A branch of medicine that deals with the prevention, diagnosis, and treatment of cancer. A medical professional who practices oncology is an oncologist.
The name's etymological origin are the Greek words ὄγκος (óngkos), meaning swelling or burden; and λόγος (logos), meaning study. The term oncology
was used from 1618 in recognition of Claudius Galen's work on abnormal tumors (which he called oncos) during his lifetime (130-200 AD).
Cancer survival has improved due to three main components: improved prevention efforts to reduce exposure to risk factors (e.g., tobacco smoking, alcohol consumption), improved screening of several cancers (allowing for earlier diagnosis), and improvements in treatment.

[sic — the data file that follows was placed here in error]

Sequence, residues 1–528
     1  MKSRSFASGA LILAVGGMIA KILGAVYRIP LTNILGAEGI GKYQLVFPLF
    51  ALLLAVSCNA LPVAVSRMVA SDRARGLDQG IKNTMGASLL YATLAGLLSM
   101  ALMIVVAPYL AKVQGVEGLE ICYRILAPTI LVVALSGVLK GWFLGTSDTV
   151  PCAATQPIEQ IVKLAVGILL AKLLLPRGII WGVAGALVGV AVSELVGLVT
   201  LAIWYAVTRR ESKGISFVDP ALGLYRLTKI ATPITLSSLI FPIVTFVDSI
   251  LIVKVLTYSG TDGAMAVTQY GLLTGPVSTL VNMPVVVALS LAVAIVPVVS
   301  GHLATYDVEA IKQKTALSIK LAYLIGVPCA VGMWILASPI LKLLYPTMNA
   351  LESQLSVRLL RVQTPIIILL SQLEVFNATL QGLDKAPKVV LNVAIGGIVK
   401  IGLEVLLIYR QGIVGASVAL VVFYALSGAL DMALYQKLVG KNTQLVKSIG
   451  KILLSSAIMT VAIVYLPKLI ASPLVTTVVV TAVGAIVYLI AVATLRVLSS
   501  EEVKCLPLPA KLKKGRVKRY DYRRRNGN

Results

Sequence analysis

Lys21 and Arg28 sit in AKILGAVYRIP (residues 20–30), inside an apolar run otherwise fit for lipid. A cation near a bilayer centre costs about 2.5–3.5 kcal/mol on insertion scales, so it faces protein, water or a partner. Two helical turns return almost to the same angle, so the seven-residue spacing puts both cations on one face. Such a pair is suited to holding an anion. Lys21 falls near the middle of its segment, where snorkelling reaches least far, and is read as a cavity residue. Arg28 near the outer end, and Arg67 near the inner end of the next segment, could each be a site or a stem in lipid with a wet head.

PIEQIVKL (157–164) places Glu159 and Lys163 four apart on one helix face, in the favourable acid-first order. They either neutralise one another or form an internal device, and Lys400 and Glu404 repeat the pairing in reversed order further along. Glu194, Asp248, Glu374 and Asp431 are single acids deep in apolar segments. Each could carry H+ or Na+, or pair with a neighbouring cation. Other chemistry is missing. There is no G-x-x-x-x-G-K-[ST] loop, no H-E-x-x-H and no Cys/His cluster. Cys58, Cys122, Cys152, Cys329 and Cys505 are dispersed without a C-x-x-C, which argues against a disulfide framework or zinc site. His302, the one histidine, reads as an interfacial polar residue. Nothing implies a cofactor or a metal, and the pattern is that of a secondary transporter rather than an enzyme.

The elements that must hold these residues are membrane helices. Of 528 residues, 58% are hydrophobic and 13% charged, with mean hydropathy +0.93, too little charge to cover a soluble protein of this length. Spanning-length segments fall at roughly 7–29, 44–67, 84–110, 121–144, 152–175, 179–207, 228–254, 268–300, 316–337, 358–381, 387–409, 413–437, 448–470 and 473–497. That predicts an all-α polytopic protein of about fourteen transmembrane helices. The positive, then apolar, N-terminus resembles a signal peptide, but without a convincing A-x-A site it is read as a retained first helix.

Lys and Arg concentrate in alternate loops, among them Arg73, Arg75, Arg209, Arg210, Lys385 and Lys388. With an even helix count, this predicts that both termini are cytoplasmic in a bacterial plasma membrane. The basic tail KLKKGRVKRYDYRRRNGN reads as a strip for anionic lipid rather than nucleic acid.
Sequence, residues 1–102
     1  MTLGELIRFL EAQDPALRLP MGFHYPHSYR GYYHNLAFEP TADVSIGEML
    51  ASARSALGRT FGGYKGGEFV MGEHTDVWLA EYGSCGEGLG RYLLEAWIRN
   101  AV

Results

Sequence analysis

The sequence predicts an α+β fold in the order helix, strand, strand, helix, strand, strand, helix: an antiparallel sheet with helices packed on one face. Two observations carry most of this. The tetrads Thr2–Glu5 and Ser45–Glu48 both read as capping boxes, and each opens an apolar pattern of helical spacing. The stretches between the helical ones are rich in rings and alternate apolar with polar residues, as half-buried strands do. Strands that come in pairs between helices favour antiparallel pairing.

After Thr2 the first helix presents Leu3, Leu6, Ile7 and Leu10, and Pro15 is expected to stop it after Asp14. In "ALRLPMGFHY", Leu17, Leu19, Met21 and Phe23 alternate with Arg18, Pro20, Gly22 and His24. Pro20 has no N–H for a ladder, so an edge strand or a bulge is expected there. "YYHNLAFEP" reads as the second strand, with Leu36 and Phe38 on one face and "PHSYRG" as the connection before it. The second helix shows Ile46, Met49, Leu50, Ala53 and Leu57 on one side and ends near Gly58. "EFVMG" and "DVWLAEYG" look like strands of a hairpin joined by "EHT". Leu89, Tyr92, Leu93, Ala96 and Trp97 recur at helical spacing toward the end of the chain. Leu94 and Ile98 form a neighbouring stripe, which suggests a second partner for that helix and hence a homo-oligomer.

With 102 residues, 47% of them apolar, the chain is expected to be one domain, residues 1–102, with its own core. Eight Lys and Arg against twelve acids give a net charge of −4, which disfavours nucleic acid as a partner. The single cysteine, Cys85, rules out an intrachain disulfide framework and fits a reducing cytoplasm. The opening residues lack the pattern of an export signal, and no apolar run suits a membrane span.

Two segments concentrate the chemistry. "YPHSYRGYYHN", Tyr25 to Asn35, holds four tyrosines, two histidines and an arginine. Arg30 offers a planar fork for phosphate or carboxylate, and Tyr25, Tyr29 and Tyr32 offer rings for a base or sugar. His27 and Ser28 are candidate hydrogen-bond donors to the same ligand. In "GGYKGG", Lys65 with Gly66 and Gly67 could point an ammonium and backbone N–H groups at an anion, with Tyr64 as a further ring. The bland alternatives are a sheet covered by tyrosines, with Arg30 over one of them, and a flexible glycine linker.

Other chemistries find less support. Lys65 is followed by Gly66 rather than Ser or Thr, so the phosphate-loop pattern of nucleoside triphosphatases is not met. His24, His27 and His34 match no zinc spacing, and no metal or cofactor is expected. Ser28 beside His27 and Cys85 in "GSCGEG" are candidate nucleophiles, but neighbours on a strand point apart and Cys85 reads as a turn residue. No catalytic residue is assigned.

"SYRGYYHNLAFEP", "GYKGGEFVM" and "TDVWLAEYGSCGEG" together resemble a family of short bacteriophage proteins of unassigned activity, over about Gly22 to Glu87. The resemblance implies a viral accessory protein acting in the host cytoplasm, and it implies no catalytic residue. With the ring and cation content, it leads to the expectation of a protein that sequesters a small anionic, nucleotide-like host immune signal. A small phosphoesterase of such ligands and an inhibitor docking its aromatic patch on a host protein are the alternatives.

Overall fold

Cancers are often managed by multidisciplinary cancer teams where medical oncologists, surgical oncologists, radiation oncologists, pathologists, radiologists, and organ-specific oncologists meet to find the best possible management for an individual patient, considering their physical, social, psychological, emotional, and financial status.
Several modalities in the management of cancer have evolved in steps: surgical oncology, medical oncology (pharmacotherapy for cancer), and radiation oncology. Treatments also include minimally invasive techniques, palliative surgery, and neo-adjuvant treatments.
See reference for more information.
Adapted from Wikipedia, the free encyclopedia. Internet. Accessed on May 5, 2021. Available at https://en.wikipedia.org/wiki/Oncology